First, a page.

Portal:Australia/Australian nuclear debate
- This article contains an overview of Wikinews Australia coverage for a particular issue. For other issues, see in-depth coverage.
In the midst of the nuclear stand-off in Iran, Australian government officials have been discussing the merits of nuclear energy and uranium enrichment in Australia. This has been met with criticism from the opposition and minor parties.
Wikinews Coverage edit
December 22, 2005 edit
- A group of Melbourne scientists has released a study of the energy problems confronting Australia in the future. The study endorses the use of nuclear energy and attacks some of the data used by anti-nuclear campaigners. The scientists from the University of Melbourne say their research shows that the benefits of nuclear energy have been underestimated and concerns about nuclear waste overplayed.
May 20, 2006 edit
- Australian Prime Minister John Howard has told media in Canada that he wants "a full-blooded debate" in Australia about the issue of nuclear power. "I have a very open mind on the development of nuclear energy in my own country," he said. "That includes an open mind on whether or not Australia should in fact process uranium for the purposes of providing fuel for nuclear power in the future in Australia."
May 22, 2006 edit
- Australia's foreign affairs minister Alexander Downer has given his support for a serious debate on nuclear energy in Australia. Mr Downer's comments follow similar comments made by Australian Prime Minister John Howard in Canada last week.
- Mr Downer said that climate change has strongly influenced many to change their position on nuclear power and to encourage debate. He encouraged people to keep an open mind on nuclear power within the context of reducing greenhouse gases. The production of nuclear energy produces far fewer greenhouse gas emissions than coal and oil power stations.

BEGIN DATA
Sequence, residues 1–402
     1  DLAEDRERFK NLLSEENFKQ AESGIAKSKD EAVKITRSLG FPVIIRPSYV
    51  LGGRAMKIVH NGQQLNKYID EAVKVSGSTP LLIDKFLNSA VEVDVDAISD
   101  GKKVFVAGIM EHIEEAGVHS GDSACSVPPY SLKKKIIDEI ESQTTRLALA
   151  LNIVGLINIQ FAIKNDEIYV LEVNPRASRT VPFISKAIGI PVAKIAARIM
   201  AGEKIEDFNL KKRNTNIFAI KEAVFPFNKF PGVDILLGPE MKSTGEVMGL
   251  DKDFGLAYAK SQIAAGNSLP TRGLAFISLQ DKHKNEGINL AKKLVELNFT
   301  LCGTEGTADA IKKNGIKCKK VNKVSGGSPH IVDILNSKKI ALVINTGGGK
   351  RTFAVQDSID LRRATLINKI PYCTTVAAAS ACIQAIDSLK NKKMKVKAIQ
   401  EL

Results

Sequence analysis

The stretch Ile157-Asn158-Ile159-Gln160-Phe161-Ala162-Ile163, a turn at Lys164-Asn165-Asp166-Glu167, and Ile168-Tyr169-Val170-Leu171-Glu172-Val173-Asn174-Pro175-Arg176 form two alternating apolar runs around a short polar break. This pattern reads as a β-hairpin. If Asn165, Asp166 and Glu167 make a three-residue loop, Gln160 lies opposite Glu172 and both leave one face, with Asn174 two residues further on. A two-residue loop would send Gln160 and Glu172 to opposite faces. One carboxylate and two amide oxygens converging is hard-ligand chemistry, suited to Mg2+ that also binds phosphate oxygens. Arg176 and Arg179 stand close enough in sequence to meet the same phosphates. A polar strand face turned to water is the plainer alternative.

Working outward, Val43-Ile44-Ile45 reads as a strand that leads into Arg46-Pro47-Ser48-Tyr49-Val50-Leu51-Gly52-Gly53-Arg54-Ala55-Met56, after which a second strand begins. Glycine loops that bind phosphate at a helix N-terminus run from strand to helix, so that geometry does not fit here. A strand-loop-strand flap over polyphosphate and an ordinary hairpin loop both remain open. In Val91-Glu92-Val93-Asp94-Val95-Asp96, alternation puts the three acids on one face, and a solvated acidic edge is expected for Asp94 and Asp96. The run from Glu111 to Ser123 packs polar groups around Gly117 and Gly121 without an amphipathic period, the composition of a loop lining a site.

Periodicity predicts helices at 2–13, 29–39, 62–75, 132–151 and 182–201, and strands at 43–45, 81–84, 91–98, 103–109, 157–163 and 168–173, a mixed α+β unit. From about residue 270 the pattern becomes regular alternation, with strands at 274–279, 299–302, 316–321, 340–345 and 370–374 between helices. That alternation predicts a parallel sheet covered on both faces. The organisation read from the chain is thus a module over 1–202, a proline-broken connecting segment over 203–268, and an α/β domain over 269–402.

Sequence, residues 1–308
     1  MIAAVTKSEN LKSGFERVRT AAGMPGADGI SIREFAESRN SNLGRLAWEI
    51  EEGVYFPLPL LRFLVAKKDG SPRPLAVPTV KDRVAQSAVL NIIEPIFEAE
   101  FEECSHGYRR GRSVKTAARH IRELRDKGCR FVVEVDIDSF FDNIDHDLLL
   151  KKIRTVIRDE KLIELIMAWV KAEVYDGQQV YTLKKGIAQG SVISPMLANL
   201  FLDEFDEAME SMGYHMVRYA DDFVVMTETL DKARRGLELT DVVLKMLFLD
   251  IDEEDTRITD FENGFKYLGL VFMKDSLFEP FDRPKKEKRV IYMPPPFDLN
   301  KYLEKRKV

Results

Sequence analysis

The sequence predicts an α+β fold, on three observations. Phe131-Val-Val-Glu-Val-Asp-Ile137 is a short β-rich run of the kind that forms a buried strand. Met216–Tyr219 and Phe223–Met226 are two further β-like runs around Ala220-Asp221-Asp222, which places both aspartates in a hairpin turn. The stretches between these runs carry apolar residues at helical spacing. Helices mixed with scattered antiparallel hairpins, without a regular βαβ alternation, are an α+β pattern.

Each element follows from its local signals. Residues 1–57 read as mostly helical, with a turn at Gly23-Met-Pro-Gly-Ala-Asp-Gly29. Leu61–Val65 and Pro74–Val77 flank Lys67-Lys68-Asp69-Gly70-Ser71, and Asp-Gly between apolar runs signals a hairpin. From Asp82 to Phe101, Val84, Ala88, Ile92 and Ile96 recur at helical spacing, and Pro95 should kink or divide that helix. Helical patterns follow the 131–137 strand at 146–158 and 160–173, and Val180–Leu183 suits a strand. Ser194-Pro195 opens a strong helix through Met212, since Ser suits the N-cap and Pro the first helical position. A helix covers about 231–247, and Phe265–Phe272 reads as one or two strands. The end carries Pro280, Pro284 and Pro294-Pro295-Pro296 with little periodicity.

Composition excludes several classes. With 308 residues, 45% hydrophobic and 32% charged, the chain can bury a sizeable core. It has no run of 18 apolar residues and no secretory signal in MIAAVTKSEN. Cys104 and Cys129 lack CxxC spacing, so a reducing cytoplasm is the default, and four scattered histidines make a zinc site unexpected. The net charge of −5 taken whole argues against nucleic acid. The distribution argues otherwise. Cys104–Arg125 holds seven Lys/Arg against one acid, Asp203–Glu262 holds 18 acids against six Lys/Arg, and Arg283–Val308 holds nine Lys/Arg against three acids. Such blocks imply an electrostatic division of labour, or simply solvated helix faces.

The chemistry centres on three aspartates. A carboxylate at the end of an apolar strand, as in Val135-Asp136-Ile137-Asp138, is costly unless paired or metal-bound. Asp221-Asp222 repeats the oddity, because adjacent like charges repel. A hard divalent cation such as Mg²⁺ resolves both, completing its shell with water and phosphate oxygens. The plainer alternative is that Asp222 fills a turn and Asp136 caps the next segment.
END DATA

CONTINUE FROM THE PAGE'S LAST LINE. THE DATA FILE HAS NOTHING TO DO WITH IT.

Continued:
- Australian Prime Minister John Howard has announced he wants a "full-scale nuclear debate", and three of his senior federal government frontbenchers - Foreign Minister Alexander Downer, Resources Minister, Ian Macfarlane, and Environment Minister Ian Campbell - have all suggested Australia, which has around 40 per cent of the world's known uranium reserves, should consider enriching uranium - a step in processing that would allow it to be used as reactor fuel as well as for nuclear weapons.
- However there is strong opposition for nuclear power in the Australian community. The Australian Greens have rejected the Prime Minister's assumption that nuclear power might be 'desirable' for Australia. The Greens say they challenge Mr Howard to show "true leadership on climate change and nuclear non-proliferation."
May 23, 2006 edit
- Peter Costello, Australian treasurer and the man most likely to succeed Prime Minister John Howard as Liberal party leader has thrown his support behind a nuclear power industry in Australia.
- Mr Costello said that when nuclear power generation becomes economically viable, Australia should pursue it's use. "If it becomes commercial, we should have it. That is, there's no in-principle objection to nuclear energy" Mr Costello said.
May 24, 2006 edit
- The Australia Institute, an Australian research organisation considered to be aligned to the political left has released it's analysis of ideal locations for a nuclear power plant in Australia.